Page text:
Near kiss.

Suddenly, as Christmas arrives, Kate bumps into a handsome young man named Tom. As played by Henry Golding, Tom is charming and earnest. He rides his bike everywhere, he knows the secrets of the city, he works with the homeless. He begins to guide a wayward Kate back to herself, encouraging her to consider other people and to start putting effort into what she does. There is a real sense, that with Tom’s help, Kate can becomes the person that she was always meant to be. She can completely heal, not only from the trauma of the heart transplant but from her own insecurities.

Of course, it’s also immediately obvious that this is no ordinary meet cute. If anything, it is a meet too cute. One of the biggest problems with Last Christmas is that the movie overplays a solid hand. Last Christmas awkwardly and consciously signposts that there’s something odd about Tom. He never interacts with other people. He dances out of the way of pedestrians who never acknowledge him. He is unreliable. He doesn’t have a mobile phone. All of this is in service of trying awkwardly to conceal a plot point laid bare in the opening line of the song from which the film takes its title.

Lightening the mood.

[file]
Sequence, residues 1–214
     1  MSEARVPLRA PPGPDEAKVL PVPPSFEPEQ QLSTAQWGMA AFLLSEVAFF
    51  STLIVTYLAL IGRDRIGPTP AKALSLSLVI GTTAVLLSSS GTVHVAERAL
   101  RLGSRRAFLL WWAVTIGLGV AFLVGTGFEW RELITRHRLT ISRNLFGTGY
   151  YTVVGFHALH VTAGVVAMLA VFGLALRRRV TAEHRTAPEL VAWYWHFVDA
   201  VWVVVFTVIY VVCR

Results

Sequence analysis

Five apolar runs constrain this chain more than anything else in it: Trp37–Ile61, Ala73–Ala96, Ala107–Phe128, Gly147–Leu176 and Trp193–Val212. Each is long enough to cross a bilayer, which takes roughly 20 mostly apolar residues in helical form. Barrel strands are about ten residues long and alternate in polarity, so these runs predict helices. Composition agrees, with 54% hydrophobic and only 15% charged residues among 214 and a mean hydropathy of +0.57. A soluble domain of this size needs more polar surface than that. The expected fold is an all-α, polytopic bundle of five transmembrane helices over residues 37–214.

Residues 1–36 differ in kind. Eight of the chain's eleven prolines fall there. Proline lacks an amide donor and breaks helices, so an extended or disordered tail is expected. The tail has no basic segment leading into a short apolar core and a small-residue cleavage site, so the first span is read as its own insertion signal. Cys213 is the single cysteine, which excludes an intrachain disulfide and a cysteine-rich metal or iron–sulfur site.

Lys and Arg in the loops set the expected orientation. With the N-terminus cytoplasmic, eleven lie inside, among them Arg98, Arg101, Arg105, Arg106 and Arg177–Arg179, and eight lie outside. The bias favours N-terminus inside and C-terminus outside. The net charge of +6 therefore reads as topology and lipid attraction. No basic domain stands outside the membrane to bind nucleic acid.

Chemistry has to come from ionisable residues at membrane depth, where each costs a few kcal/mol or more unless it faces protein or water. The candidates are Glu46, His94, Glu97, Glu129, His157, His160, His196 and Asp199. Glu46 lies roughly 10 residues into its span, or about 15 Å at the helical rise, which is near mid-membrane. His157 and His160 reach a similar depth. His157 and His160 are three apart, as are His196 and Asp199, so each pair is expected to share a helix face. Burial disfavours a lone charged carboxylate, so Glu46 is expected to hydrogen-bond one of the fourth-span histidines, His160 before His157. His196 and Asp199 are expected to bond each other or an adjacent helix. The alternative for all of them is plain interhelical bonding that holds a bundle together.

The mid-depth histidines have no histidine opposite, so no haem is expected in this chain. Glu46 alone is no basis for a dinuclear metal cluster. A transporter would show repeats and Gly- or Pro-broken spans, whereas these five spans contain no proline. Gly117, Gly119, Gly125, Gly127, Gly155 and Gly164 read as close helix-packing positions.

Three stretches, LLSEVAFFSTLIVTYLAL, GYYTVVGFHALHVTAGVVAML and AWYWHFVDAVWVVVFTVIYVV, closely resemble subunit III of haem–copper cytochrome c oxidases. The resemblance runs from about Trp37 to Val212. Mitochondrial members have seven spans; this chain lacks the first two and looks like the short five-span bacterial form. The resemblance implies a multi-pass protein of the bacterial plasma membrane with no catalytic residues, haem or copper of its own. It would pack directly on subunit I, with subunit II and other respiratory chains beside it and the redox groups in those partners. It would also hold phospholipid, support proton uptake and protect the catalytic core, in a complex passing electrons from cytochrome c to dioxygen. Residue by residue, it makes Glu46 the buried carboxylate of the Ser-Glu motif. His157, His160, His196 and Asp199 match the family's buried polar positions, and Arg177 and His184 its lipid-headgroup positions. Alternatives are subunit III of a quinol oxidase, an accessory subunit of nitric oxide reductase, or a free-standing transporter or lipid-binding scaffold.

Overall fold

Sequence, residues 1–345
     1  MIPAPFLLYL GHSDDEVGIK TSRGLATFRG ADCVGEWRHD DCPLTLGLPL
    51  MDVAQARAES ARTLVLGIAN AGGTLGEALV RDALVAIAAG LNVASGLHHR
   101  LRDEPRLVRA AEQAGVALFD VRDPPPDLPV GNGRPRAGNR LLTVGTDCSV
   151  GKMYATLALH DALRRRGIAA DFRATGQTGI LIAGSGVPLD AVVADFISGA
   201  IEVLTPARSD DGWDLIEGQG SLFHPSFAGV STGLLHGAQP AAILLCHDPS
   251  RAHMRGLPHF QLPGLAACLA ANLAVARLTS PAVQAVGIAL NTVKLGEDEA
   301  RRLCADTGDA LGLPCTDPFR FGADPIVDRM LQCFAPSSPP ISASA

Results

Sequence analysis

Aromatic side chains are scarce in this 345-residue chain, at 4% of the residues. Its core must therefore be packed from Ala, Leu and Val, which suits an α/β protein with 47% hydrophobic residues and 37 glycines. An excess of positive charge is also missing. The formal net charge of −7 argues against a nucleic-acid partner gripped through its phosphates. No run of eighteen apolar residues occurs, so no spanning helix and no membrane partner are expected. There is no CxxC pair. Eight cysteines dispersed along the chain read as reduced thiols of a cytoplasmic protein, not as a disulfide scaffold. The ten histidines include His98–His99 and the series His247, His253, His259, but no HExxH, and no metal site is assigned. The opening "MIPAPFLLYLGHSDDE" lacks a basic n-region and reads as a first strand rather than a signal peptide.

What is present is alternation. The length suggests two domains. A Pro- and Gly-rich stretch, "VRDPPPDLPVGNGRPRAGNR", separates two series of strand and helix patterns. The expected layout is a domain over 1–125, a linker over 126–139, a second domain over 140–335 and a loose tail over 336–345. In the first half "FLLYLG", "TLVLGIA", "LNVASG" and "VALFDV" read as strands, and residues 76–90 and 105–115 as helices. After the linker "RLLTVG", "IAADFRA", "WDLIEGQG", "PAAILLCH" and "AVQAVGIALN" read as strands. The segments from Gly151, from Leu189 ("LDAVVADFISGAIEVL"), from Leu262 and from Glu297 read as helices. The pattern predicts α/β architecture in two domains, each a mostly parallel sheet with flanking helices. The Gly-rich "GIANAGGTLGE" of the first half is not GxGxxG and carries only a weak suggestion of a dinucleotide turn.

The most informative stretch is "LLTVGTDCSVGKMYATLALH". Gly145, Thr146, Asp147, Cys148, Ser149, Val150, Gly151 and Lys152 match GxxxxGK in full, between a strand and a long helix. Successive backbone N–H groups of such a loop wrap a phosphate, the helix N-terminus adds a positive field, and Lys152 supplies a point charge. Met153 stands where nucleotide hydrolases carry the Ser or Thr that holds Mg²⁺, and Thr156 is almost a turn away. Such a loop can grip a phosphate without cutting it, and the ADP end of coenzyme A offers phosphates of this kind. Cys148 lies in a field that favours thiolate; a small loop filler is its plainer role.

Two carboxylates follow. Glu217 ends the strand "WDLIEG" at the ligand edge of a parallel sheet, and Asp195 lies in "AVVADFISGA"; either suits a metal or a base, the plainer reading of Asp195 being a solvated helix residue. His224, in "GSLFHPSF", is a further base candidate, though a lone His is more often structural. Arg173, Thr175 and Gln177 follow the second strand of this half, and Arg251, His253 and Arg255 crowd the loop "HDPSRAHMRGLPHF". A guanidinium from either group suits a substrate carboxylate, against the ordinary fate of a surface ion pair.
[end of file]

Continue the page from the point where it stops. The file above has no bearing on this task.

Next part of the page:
In some ways, this recalls the problems with Captain Marvel, another movie which awkwardly structured its plot so as to elevate a self-evident plot development to a pseudo-profound twist. There’s a sense that Last Christmas would be a stronger movie if it were less interested in playing games with its audience, and that the decision to treat certain plot elements as moments of dramatic pay-off leave a lot of the film spinning its wheels as the audience jogs well ahead.

With its plot effectively obscured by the narrative structure, Last Christmas doesn’t have a lot to fall back on. The film is largely a collection of familiar romantic comedy clichés, delivered with varying levels of skill. There are some solid recurring gags here, such at the quick flashes that explain how Kate came to find herself homeless. However, there are also a lot of “big” moments that don’t land, such as a first encounter between Kate and Tom that hinges on bird poop.

X-mas appeal.

To be fair, Last Christmas gets reasonably far on the charisma of its two leads. Clarke is pretty good at this sort of feel-good comedy, offering charming reactions and deadpan delivery. Golding offer an infectious earnestness and an up-and-at-them zeal that makes him very easy to watch. However, Last Christmas lacks a lot of the strong supporting elements that make for an above-average entry in the genre. The supporting cast are very thinly drawn, with actors like Michelle Yeoh and Emma Thompson stuck in roles that probably sounded better on paper than they do in execution.